The recently departed boss of Apple Inc., Steve Jobs, vowed to destroy Google’s Android Smartphone product, according to an upcoming biography of the iconic executive.

Jobs’ animosity towards Android, which he regarded as “stolen” from Apple, was underlined by his threat to spend all the money at his disposal to ruin Google’s highly successful Android mobile operating system.

According to the book’s author, Walter Isaacson, Jobs thought that Android’s similarity to Apple’s iOS systems was a form of grand theft.

“I'm going to destroy Android, because it's a stolen product. I'm willing to go thermonuclear war on this, Jobs reportedly told Isaacson in the book.

I will spend my last dying breath if I need to, and I will spend every penny of Apple's $40 billion in the bank, to right this wrong.

However, Android currently enjoys almost half of the global Smartphone market, versus 19 percent for Apple.

In response, Apple has been immersed in various lawsuits against various Smartphone makers which use the Android software.

Samsung of South Korea was a particular target of Jobs. That company is now prohibited to selling its Galaxy Tab 10.1 product in Australia and Germany due to Apple’s legal offensive.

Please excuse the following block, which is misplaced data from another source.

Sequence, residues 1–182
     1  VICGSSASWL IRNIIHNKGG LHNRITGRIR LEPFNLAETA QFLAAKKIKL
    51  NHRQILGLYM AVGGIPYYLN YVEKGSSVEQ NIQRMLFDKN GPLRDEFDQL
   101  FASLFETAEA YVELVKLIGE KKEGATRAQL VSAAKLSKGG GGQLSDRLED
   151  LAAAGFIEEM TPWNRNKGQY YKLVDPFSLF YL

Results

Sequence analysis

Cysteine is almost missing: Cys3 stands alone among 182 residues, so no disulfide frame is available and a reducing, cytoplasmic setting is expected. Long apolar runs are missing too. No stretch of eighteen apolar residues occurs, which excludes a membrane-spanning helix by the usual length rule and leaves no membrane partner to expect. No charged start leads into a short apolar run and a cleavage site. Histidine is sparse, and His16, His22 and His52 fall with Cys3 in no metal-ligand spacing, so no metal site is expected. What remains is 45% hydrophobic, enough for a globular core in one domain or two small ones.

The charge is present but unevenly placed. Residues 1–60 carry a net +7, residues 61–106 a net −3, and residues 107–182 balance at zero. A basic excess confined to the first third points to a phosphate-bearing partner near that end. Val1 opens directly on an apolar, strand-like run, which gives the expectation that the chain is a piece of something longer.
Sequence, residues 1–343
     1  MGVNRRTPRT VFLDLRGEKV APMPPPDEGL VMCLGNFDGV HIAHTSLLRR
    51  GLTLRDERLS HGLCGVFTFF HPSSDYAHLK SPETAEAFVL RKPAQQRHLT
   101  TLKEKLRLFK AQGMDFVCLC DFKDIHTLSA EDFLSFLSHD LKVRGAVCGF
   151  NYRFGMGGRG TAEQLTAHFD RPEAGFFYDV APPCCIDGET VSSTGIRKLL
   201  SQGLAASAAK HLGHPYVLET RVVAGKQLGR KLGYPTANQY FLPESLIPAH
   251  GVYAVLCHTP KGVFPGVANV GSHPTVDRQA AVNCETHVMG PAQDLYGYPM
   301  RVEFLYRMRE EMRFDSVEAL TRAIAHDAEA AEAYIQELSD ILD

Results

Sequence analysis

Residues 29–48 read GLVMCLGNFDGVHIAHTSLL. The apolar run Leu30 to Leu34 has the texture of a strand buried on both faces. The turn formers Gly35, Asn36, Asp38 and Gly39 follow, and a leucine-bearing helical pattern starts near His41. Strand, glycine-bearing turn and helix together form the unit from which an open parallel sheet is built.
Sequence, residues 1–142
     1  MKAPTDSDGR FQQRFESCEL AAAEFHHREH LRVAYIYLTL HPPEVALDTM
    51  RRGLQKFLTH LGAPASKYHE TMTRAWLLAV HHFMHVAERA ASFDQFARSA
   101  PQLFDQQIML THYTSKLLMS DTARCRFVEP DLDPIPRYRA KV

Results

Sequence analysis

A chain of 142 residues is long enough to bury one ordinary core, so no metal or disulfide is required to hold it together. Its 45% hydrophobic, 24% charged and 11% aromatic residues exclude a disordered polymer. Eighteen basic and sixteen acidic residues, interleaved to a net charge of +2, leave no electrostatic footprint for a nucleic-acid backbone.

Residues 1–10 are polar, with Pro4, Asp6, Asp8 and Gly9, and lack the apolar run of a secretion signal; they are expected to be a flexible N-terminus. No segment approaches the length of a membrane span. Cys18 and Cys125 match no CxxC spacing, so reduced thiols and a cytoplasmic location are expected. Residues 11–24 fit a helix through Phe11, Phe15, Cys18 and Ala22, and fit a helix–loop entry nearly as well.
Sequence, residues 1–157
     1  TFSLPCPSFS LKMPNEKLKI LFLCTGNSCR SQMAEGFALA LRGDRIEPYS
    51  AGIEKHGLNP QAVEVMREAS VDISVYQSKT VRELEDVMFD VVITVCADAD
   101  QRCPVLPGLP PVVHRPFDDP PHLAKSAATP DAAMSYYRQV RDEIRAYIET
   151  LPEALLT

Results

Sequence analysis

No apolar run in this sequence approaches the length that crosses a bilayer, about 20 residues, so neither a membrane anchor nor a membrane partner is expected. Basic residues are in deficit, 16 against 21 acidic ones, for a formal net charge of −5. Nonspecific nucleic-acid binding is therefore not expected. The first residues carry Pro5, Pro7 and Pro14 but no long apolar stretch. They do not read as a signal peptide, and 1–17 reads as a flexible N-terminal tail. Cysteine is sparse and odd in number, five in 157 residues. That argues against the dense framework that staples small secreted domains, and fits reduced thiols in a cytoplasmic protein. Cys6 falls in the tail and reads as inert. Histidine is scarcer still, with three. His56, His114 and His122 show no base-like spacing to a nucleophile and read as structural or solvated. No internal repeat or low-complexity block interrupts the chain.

According to various media reports, the relationship between Apple and Google was warm and close prior to the introduction of the Android system in late 2007, less than one year before the launch of the first iPhone.

Subsequently, Apple blocked several Google programs from its app stores.

Eric Schmidt, the current Google executive chairman, was at one time a board member at Apple.

Blogger Florian Mueller, who follows Apple closely, told BBC that Jobs’ anger at Google was justified.

The fact that Eric Schmidt stayed on Apple's board while he was preparing an iOS clone was an inexcusable betrayal of Steve Jobs' trust, he said.

According to CNET UK, the book describes a confrontation between Jobs and Schmidt at a café in California. Jobs allegedly told the Google titan: I don't want your money. If you offer me $5 billion, I won't want it. I've got plenty of money. I want you to stop using our ideas in Android, that's all I want.